RE: BL vs BLB tubes for cyanotype

From: Sandy King ^lt;>
Date: 11/16/05-08:43:54 AM Z
Message-id: <a06020404bfa0ec4f4f9b@[]>


Your statement that the Appendix in Dick Arentz' book on speciality
glass concluded that there was no advantage to Starphire glass does
not accurately represent what is stated. And I am very familiar with
the Appendix since I wrote it. Here is what I did and wrote.

1. I compared the transmission of plain float glass with that of
Starphire glass (both in 1/16" thickness), using a UV transmission
densitometer with peak at 373 nm and bandwith of 60 nm. The Starphire
had slightly better transmission, but based on analysis of the data
the increase in speed would have only amounted to about log 0.5, or
1/3 of a stop in glass 3/16" or 1/4" thick.

2. I tested several processes for speed, using a Stouffer test
tablet, comparing results in a contact printing frame using 1/16"
thick plain float glass and 1/16" Starphire glass. And I specifically
tested several different mixes of palladium and platinum. After
looking at the results I found there was no advantage at all to
printing with the Starphire glass, but allowed that use of thicker
glass in the contact printing frame might give different results,
perhaps up to 1/3 of a stop faster.

3. I concluded with the comment "it is almost certain that one could
reduce printing times slightly by replacing the ordinary plate glass
in our vacuum frames or contact printing frames with speciality
glasses that allow the transmittance of a higher percentage of UV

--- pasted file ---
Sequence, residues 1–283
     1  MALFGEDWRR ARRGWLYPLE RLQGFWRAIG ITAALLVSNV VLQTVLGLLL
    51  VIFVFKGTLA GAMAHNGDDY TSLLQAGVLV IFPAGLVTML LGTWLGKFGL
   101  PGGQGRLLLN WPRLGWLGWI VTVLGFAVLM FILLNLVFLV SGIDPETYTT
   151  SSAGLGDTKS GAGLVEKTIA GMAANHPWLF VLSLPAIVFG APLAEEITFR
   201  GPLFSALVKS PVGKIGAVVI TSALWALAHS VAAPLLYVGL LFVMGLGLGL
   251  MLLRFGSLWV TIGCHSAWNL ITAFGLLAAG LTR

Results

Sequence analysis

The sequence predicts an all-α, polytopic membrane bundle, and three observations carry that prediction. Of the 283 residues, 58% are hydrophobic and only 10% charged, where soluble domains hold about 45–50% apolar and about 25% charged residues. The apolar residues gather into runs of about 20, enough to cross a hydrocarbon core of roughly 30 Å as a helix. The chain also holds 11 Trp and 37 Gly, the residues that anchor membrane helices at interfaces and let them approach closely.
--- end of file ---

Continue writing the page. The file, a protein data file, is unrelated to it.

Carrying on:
radiation," but that in my own cases I had considered this carefully
and "determined that it is not worth the trouble."

I conclude from your comments that you believe one of the advantages
of Starphire glass is that it allows "more lower end light to pass,
such as 320 nm to 360 nm." However, many Pt./Pd. printers are using
light sources which are totally absent of radiation in this range.
For example, if you look at a SPD chart (spectral power distribution)
of the Philips Super Actinic tube, which is very popular among
Pt./Pd. printers, you will see that there is virtually no radiation
below 360 nm, and none at all below 350 nm. So if anyone finds a
significant increase in printing speed with the Starphire glass using
the SA tubes it must be due to greater transmission in the upper UV
range, not in the lower end.


>But the light out put of the two type is not same. I recently acquired Dick
>Arentz' book on platinum printing to have as a reference when students show
>talking about it, as well as to read Mark Nelson's bit on digital negs. The
>very first page I opened just happened to be about specialty glass; UV type.
>He went on to talk about Starphire (misspelled Starfire) and concluded it
>had no advantage, based primarily on wave lengths above 400 nm. It has very
>little if any advantage at those wave lengths, which a simple review of the
>transmission data would tell you. Certain glass like Starphire, allow much
>more lower end light to pass, such as 320 nm to 360 nm. If the material you
>are using is sensitive to those wave lengths such as platinum vs palladium,
>then adding light in those wave lengths will speed up your process.
>I don't think that that much change would be anticipated. BLB typically
>output mostly between 350 and 370 with the peak at 360. While the BL has a
>much broader output, but also peaks at 360. Your glass would need to be
>blocking light right at or near 360 to see such a dramatic change.
>Was your stack of paper constant? And as Sandy pointed out light output will
>fall off after a warm in period.
>Eric Neilsen Photography
>4101 Commerce Street
>Suite 9
>Dallas, TX 75226
>> -----Original Message-----
>> From: ryberg []
>> Sent: Tuesday, November 15, 2005 5:10 PM
>> To:
>> Subject: Re: BL vs BLB tubes for cyanotype
>> Michael,
>> Well, I suppose my glass could be extra transparent to UV, but it is
>> the same glass that I used with the BLB tubes which took 15 minutes.
> > Charles Portland OR
Received on Wed Nov 16 08:44:19 2005

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